OTMAR SUITNER, who is working his way through the Beethoven symphonies with his Berlin State Orchestra for Denon, has arrived at the Seventh now (OF-7029-ND). He has in fact arrived at the Ninth, which he taped in June to celebrate the 10th anniversary of Denon's introduction of digital recording, but it is the Seventh that has just been released, and it more than maintains the high standards set in his already issued "Eroica," "Pastoral" and Fifth. To come directly to the point, it is one of the all-around most satisfying Sevenths we are likely to hear--live or recorded, digital or analog.
As in his earlier Beethoven recordings, Suitner is generous with repeats, he has his forces in ideal balance, and his choice of tempi throughout the work is so "naturally" effective as to obviate the whole question of choice. Nothing is rushed, nothing is held back; everything seems unarguably determined by the rhythmic thrust of the work. And the Seventh is the one symphony of Beethoven's in which that particular element enjoys a prominence it is given in no other.
We used to marvel at "powerhouse" Sevenths. In Suitner's performance the power is not felt in the form of an onslaught, but in the work's lyricism as well as its drive, in its radiance as well as its exultancy, and in the clean line that makes every imaginative touch of Beethoven's clear. The East Berlin players are gloriously well equipped to give everything Suitner and Beethoven demand of them, and the sound itself is superb.
Suitner's Beethoven cycle, when completed, may well turn out to be the most successful of the several distinguished packages of the Nine. In the meantime, his Seventh demands nothing less than first place among all current recordings of this much-recorded symphony. Now--when do we get a chance to hear this conductor with our American orchestras?
Another digital recording of a popular symphony likely to excite similar enthusiasm is Vladimir Ashkenazy's new Sibelius Fifth with the Philharmonia Orchestra, on a disc filled out with the same composer's "En Saga" (London LDR-71041). Like his earlier recording of the Sibelius Fourth, Ashkenazy's Fifth is exceptional in every respect. He does not take a "monumental" approach, but a hearteningly vital one: Every phrase seems convincingly alive, and the marvelously crisp brasses conspicuously enhance that impression.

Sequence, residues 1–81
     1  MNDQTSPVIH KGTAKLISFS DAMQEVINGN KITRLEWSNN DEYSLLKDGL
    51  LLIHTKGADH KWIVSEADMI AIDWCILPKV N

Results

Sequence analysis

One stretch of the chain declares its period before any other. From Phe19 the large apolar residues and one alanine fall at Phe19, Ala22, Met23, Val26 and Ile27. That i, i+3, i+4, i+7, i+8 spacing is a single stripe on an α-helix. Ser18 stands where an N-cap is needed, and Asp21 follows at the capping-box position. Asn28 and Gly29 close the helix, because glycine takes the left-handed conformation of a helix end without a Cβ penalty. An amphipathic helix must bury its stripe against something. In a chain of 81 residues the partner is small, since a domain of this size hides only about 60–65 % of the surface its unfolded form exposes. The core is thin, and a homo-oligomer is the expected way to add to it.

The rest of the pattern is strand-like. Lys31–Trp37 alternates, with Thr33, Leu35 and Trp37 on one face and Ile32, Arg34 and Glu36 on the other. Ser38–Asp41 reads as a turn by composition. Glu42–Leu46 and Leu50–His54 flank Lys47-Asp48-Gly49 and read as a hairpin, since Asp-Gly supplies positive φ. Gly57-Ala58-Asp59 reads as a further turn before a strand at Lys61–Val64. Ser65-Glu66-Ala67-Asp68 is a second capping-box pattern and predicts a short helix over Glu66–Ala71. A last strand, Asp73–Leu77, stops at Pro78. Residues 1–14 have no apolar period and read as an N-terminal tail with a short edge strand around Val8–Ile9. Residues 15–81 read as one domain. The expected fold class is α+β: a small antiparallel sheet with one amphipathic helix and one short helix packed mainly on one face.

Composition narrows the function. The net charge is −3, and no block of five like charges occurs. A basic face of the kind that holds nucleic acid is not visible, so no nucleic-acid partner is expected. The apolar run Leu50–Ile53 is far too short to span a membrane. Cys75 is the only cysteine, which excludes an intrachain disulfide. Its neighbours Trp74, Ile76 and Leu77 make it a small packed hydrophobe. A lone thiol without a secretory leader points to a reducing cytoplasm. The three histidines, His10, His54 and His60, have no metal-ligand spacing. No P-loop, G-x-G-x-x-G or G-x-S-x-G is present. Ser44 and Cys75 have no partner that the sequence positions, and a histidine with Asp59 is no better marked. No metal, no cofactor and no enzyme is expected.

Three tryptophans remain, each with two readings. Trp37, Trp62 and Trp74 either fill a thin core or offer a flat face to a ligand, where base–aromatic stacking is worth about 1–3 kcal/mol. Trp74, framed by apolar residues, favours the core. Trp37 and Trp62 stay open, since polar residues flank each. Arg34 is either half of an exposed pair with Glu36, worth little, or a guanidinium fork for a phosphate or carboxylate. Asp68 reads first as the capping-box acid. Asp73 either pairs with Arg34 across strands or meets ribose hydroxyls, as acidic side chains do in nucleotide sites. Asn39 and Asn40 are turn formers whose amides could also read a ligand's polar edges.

As in Suitner's Beethoven, one feels the uncommon radiance of the Sibelius as Ashkenazy projects it. His sense of proportion never fails him in this work (he even seems to know what to do with those mysterious chords at the end), and the underrated "En Saga" has never sounded better. Ormandy, Karajan and Bernstein have given us outstanding accounts of this great symphony, and they are not diminished by Ashkenazy's achievement; but the sheer sonic splendor of his digital recording gives him a bit of an edge.
In yet another continuing cycle, Claudio Abbado's new Mahler First, with the Chicago Symphony Orchestra (DG digital 2532.020; cassette 3302.020), is a bit of a disappointment--by the standards Abbado himself set up in his earlier Mahler recordings. This is a very good performance, handsomely recorded, but not a great or especially memorable one. Horenstein, Tennstedt, Kubelik, Haitink, Paita and Bruno Walter still tell us more about Mahler's First.
Herbert von Karajan is probably not about to embark on a complete cycle of the Nielsen or Shostakovich symphonies, but he has a new digital recording of one by each of those composers. His first recording of any music by Carl Nielsen is a surpassingly persuasive Fourth Symphony, "The Inextinguishable" (DG 2532.029; cassette 3302.029). The Shostakovich is a remake of the only work by that composer he had recorded before, the greatest of his symphonies, No. 10 (2532.030; cassette 3302.030).
When Karajan and the Berlin Philharmonic go at any music with the conviction and intensity they bring to these performances, the results can only be described as irresistible. Neither of these symphonies has been so well served on records before; few recordings identify themselves so unmistakably as indispensable. (While the music itself is of course far less consequential, the same must be said of Karajan's new recording of Strauss' Alpine Symphony, DG 2532.015, cassette 3302.015.)